One almost wishes for the squalls to return to offset the feeling of being in a void, but not quite. This man I addressed was an otherworldly figure with unkempt hair and a spindly frame. He said he was born in the Netherlands but had travelled for most of his life. Let it be clear that I spoke to him. I do not think he would have bothered with me, had I not attempted to make his acquaintance. There was an air of hard-won peace about him which I found intriguing. It was quite unlike the high banter of the sailors and the restless eyes of the other passengers who were mere pawns in the play between nature and seafarers.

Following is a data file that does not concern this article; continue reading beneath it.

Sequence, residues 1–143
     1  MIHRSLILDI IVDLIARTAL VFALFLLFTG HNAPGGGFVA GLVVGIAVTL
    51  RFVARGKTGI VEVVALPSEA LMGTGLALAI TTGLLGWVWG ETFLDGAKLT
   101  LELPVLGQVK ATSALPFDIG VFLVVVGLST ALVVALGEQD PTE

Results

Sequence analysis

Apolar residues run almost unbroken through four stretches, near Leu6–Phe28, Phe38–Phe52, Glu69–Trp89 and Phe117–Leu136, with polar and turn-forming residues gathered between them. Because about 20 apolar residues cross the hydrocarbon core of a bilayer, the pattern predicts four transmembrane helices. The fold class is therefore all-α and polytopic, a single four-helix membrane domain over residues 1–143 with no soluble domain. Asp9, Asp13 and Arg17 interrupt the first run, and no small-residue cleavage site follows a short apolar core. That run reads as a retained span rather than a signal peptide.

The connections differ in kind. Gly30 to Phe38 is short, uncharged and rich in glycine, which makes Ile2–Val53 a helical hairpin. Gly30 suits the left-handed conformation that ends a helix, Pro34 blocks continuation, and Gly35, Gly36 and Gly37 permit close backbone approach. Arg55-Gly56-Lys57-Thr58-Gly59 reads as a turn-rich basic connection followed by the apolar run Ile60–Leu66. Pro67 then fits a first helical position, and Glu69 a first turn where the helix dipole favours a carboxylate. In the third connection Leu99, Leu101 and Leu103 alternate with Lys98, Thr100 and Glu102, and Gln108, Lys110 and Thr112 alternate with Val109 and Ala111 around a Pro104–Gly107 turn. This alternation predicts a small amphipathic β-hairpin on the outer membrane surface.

He gave his name as Van Horn and called himself a retired sailor, but on much rougher seas than the Sound between Copenhagen and Elsinore. The Arctic Ocean was his home for six months of the year, during the summer season when most of us enjoy the milder air.

No, Van Horn was a whaler, one of the most dangerous professions there is and still very prevalent at this time, the year now being 1851. In fact, he told me the reason for whaling ships being forced into the inhospitable Artic was that the seas on both sides of Greenland were fished out. Whalers had become so proficient that they were in danger of running out of prey. Large populations of Bowhead whales had recently been discovered in the Arctic though and became highly prized due to their thick blubber, the thickest among all the whale species.